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Article

The Effect of the COVID-19 Pandemic Movement Restrictions on Self-Reported Physical Activity and Health in New Zealand: A Cross-Sectional Survey

1
Department of Exercise Sciences, Faculty of Science, University of Auckland, Auckland 1023, New Zealand
2
Movement Physiology Research Laboratory, School of Physiology, University of the Witwatersrand, Johannesburg 2193, South Africa
*
Author to whom correspondence should be addressed.
Academic Editors: Paul B. Tchounwou and Lynette Hodges
Int. J. Environ. Res. Public Health 2021, 18(4), 1719; https://doi.org/10.3390/ijerph18041719
Received: 22 December 2020 / Revised: 29 January 2021 / Accepted: 4 February 2021 / Published: 10 February 2021
(This article belongs to the Special Issue The Impact of Clinical Exercise Physiologists on Health and Wellbeing)
This study describes self-reported physical activity (PA), motivation to exercise, physical and mental health and feelings towards PA during the March-May 2020 COVID-19 lockdown in New Zealand. Adults over the age of 18 years (n = 238; 80.2% female) completed the International Physical Activity Questionnaire (IPAQ), the Behavioural Regulation in Exercise Questionnaire 3, the Short Form-36 and open-ended questions about PA through an anonymous online survey. Regular exercise was undertaken by 85% of respondents prior to lockdown, but only 49.8% were able to maintain their usual level of PA. Although respondents were considered sufficiently physically active from the IPAQ, 51.5% reported not being able to maintain their usual level of PA primarily due to the closure of their gym facilities. Sixty percent of respondents reported that PA had a positive effect on their overall wellbeing. When asked to specify which aspects of wellbeing were affected, the effect on mental health was reported the most while the effect on body image or fitness was reported the least. Strategies to increase or maintain engagement in physical activity during lockdowns should be encouraged to promote positive mental health during the COVID-19 pandemic. View Full-Text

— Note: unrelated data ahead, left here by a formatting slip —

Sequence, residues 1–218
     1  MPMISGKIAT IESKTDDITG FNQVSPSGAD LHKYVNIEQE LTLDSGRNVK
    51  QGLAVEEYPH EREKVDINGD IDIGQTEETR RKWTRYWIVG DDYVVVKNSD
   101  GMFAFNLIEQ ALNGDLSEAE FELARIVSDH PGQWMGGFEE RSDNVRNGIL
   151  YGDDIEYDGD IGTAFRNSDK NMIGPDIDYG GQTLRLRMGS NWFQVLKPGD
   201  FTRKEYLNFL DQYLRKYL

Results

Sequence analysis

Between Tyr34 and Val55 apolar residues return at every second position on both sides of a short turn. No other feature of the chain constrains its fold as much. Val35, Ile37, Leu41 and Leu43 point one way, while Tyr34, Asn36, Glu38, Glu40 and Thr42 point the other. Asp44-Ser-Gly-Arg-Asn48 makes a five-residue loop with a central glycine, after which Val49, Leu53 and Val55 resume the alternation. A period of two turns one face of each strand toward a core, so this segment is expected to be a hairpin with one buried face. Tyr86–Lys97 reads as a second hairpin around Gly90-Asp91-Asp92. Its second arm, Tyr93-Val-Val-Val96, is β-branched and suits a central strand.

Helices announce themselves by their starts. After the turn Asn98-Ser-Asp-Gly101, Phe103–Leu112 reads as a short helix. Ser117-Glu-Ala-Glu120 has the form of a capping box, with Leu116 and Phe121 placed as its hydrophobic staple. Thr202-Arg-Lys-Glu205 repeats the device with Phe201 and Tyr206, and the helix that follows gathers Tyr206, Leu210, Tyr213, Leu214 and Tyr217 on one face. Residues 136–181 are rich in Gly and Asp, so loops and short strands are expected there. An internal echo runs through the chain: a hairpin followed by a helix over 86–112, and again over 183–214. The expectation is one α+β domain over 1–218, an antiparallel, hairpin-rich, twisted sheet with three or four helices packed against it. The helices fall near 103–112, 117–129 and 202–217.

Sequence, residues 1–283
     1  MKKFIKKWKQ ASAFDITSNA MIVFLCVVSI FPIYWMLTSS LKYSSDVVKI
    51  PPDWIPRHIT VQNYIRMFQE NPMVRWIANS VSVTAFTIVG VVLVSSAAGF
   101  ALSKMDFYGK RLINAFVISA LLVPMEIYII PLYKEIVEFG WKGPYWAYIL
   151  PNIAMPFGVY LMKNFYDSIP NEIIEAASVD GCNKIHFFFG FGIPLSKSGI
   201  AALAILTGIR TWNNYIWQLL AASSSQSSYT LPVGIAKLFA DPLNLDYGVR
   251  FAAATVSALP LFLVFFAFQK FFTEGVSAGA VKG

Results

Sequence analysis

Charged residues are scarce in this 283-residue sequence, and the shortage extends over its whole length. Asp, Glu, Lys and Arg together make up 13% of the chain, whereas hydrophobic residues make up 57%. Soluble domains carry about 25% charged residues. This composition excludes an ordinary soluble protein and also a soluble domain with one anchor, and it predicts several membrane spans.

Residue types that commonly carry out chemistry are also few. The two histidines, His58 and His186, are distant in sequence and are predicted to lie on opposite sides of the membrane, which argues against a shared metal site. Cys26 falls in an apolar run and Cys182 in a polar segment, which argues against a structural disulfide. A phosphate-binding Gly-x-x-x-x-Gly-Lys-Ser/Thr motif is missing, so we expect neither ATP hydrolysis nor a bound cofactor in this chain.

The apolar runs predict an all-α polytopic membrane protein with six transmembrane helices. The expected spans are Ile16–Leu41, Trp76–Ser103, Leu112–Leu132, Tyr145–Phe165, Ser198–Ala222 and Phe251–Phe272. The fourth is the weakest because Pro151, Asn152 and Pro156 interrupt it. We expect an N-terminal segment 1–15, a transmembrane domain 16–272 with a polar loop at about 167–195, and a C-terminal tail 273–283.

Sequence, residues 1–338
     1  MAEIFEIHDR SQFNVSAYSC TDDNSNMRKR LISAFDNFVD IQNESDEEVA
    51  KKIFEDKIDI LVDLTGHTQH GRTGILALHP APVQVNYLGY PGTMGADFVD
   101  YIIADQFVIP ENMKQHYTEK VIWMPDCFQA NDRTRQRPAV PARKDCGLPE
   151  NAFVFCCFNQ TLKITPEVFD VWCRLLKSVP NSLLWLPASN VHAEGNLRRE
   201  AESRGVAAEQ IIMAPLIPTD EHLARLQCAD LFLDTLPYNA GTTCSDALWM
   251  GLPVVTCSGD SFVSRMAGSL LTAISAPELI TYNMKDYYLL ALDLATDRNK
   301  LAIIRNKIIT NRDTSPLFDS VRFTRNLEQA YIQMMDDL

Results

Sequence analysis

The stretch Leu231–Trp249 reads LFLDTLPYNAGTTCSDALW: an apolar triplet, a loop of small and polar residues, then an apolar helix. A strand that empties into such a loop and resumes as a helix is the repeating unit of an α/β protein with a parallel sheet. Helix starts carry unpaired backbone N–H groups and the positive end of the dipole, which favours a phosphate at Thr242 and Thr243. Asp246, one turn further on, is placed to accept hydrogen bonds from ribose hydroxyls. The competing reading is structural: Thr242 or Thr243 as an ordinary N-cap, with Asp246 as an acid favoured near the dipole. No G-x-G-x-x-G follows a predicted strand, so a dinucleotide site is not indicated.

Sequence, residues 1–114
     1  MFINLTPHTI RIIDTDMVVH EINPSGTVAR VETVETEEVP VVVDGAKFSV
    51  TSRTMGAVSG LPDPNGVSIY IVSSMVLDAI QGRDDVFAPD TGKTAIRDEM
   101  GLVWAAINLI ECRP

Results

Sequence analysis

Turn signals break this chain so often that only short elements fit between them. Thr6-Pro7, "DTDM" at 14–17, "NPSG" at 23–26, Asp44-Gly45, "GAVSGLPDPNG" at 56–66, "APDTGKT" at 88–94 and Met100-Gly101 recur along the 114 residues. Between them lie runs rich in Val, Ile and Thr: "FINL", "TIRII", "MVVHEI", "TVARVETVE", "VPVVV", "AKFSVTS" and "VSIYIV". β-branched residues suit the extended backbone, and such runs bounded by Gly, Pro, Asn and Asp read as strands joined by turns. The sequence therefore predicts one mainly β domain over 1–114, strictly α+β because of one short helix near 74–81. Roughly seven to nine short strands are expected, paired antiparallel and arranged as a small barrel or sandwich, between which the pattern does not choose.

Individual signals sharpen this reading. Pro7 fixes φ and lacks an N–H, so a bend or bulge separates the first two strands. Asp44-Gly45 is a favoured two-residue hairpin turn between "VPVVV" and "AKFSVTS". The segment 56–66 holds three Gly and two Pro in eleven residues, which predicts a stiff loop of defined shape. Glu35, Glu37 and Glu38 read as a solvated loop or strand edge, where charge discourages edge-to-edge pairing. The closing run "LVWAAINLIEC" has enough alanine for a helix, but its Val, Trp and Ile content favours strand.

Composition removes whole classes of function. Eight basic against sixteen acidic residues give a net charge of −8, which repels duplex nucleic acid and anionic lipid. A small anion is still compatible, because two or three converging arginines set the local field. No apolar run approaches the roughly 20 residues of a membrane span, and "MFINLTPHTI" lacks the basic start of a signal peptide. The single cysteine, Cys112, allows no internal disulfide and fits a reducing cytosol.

Keywords: COVID-19; physical activity; movement restriction; anxiety; mental wellbeing; motivation COVID-19; physical activity; movement restriction; anxiety; mental wellbeing; motivation
MDPI and ACS Style

Meiring, R.M.; Gusso, S.; McCullough, E.; Bradnam, L. The Effect of the COVID-19 Pandemic Movement Restrictions on Self-Reported Physical Activity and Health in New Zealand: A Cross-Sectional Survey. Int. J. Environ. Res. Public Health 2021, 18, 1719. https://doi.org/10.3390/ijerph18041719

AMA Style

Meiring RM, Gusso S, McCullough E, Bradnam L. The Effect of the COVID-19 Pandemic Movement Restrictions on Self-Reported Physical Activity and Health in New Zealand: A Cross-Sectional Survey. International Journal of Environmental Research and Public Health. 2021; 18(4):1719. https://doi.org/10.3390/ijerph18041719

Chicago/Turabian Style

Meiring, Rebecca M., Silmara Gusso, Eloise McCullough, and Lynley Bradnam. 2021. "The Effect of the COVID-19 Pandemic Movement Restrictions on Self-Reported Physical Activity and Health in New Zealand: A Cross-Sectional Survey" International Journal of Environmental Research and Public Health 18, no. 4: 1719. https://doi.org/10.3390/ijerph18041719

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